Mark A. Smith is professor of Political Science and an adjunct professor of Comparative Religion and Communication at the University of Washington. His research focuses on economic and religious groups, ideas, and influences in American politics. In his new book, Secular Faith: How Culture Has Trumped Religion in American Politics, Dr. Smith argues that religion is not nearly the unchanging conservative influence in American politics that we have come to think it is and is best understood as responding to changing political and cultural values rather than shaping them.
Forget about choosing the next president: on November 6, three states will vote on a ballot initiative that could set them on a collision course with federal drug enforcement agencies. Voters in Washington, Oregon, and Colorado will decide whether marijuana sales should be legalized and taxed and regulated like alcohol, creating the possibility of a showdown with the federal government, which classifies pot as a “schedule 1” narcotic. Marijuana is currently legal in 17 states for medical purposes only, policies which have already created a significant amount of tension with the federal government.
Full legalization, even in one state, could spur significant debate among Americans. The 2012 American Values Survey shows that a majority (52%) of Americans oppose the legalization of marijuana. Roughly 4-in-10 (43%) Americans believe that marijuana should be legal. But there are substantial divisions in opinion, particularly on the morality of smoking marijuana, which might signal that the struggle over marijuana is just beginning.
Americans are divided on the morality of smoking marijuana: 48% believe that smoking pot is morally acceptable, while 45% say this is morally wrong. There are sharp divides on both of these questions by age and gender. Millennials (age 18-29) are more than twice as likely as seniors (age 65 and older) to favor legalization (59% vs. 28%) and to believe that smoking marijuana is morally acceptable (64% vs. 27%). These generational divisions are consistent with the findings from the 2012 Millennial Values & Voter Engagement Survey, which are illustrated in last week’s Graphic of the Week. Meanwhile, women are less likely than men to believe that smoking marijuana is morally acceptable (43% vs. 54%), and also less likely to favor legalization (39% vs. 48%).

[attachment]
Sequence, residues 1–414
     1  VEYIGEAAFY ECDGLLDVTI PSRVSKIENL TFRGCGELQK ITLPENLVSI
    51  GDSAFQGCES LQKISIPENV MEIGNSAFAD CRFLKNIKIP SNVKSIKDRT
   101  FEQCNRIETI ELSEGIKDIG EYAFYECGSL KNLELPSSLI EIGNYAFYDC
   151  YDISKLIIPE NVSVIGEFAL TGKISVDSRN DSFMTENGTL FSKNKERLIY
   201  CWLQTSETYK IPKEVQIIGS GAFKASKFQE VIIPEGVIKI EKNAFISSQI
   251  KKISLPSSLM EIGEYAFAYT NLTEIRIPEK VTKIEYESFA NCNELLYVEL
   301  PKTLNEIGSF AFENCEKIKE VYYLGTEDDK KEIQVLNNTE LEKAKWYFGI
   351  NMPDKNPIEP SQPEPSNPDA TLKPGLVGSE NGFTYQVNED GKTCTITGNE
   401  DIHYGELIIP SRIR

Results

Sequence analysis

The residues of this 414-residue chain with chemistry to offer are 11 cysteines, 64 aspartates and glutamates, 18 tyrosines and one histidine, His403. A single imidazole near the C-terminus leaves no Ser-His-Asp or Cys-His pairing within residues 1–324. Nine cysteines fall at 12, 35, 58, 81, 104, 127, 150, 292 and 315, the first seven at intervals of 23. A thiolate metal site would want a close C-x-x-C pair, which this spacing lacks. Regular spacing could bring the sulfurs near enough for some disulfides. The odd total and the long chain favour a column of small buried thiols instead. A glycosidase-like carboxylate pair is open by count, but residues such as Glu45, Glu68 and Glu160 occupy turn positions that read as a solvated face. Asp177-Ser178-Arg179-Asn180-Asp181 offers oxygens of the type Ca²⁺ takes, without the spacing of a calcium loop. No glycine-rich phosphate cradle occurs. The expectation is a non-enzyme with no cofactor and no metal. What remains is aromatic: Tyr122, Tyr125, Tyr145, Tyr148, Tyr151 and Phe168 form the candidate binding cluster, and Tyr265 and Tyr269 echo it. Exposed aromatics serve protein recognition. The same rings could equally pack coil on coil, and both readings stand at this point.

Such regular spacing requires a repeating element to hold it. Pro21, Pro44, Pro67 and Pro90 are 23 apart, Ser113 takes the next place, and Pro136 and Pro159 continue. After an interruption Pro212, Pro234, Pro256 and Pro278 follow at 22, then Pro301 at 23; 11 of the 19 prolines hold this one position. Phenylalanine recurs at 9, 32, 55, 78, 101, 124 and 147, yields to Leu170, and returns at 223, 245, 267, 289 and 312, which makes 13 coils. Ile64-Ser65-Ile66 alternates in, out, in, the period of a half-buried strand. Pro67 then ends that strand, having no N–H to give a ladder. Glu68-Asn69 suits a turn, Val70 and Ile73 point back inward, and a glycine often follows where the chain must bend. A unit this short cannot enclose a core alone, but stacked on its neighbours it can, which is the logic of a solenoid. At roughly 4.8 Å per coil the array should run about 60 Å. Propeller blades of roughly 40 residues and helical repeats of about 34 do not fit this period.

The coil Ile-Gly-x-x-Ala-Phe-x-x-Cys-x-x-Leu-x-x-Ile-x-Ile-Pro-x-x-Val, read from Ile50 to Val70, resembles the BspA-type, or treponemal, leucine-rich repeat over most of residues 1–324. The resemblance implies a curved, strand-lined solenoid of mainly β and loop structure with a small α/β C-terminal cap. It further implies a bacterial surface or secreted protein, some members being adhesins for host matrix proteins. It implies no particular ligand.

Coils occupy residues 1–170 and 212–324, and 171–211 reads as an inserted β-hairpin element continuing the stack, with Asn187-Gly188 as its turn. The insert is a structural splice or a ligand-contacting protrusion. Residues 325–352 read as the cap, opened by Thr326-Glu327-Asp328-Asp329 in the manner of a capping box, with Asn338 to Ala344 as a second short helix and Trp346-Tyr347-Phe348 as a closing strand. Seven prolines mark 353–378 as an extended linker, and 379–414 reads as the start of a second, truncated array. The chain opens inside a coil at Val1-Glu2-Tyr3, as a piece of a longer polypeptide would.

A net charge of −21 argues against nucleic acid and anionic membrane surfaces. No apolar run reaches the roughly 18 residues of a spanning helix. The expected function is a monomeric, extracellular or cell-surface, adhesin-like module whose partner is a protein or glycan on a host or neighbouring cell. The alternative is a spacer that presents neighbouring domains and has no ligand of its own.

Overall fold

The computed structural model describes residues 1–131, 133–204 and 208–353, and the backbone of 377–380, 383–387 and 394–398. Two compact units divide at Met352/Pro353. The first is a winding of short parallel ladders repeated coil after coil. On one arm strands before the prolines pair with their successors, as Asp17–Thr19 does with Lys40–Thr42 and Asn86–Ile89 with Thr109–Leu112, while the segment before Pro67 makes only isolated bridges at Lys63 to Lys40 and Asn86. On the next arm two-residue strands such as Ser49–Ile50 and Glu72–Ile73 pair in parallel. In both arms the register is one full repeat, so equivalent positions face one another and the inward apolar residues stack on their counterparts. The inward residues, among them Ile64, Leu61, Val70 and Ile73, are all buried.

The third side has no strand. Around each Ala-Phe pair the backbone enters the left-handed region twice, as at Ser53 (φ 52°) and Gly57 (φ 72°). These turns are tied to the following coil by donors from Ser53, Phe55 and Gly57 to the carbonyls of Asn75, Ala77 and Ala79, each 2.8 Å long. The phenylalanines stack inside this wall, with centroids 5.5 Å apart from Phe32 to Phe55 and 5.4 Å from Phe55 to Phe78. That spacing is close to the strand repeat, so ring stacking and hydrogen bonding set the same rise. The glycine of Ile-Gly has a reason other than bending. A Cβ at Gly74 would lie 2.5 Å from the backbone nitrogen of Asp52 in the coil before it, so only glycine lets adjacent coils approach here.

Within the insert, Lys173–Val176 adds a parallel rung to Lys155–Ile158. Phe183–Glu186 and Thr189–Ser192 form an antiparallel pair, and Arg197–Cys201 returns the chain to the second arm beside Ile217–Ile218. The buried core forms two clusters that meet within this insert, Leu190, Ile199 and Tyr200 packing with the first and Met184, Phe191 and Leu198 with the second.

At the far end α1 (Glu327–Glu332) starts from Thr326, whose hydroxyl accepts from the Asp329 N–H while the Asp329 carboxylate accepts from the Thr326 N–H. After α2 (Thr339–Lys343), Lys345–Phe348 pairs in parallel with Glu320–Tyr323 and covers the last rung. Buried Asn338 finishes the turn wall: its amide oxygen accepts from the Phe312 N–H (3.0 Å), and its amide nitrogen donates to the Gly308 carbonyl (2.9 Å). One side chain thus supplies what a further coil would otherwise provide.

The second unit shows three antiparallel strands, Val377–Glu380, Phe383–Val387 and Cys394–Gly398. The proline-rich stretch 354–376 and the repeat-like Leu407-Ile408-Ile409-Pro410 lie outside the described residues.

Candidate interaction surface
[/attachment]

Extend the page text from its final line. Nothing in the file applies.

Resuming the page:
The divisions are even wider when marital status is taken into account. Men who have never been married are most supportive of legalization and most likely to believe smoking marijuana is morally acceptable: more than 7-in-10 (71%) believe that smoking marijuana is morally acceptable, compared to a slim majority (52%) of women who have never been married. Only roughly 4-in-10 married men (42%), and married women (38%) say this is morally acceptable. Similarly, more than 6-in-10 (62%) men who have never been married favor legalizing marijuana, compared to 52% of women who have never been married, 4-in-10 (40%) married men, and one-third (33%) of married women.
There are also decisive gaps by political and religious affiliation. Democrats (52%) are twice as likely as Republicans (26%) to favor making marijuana legal, while independents are divided. And while a majority (65%) of religiously unaffiliated Americans favor the legalization or marijuana, white mainline Protestants are divided (46% favor, 48% opposed), and majorities of Catholics (57%), black Protestants (59%), and white evangelical Protestants (68%) oppose the legalization of marijuana.
Current polling in Washington shows that a majority of voters in the Evergreen State favor legal marijuana, making it the state with the best chance of legalization. But regardless of what happens on November 6, it seems unlikely that marijuana will stay off the national stage for long.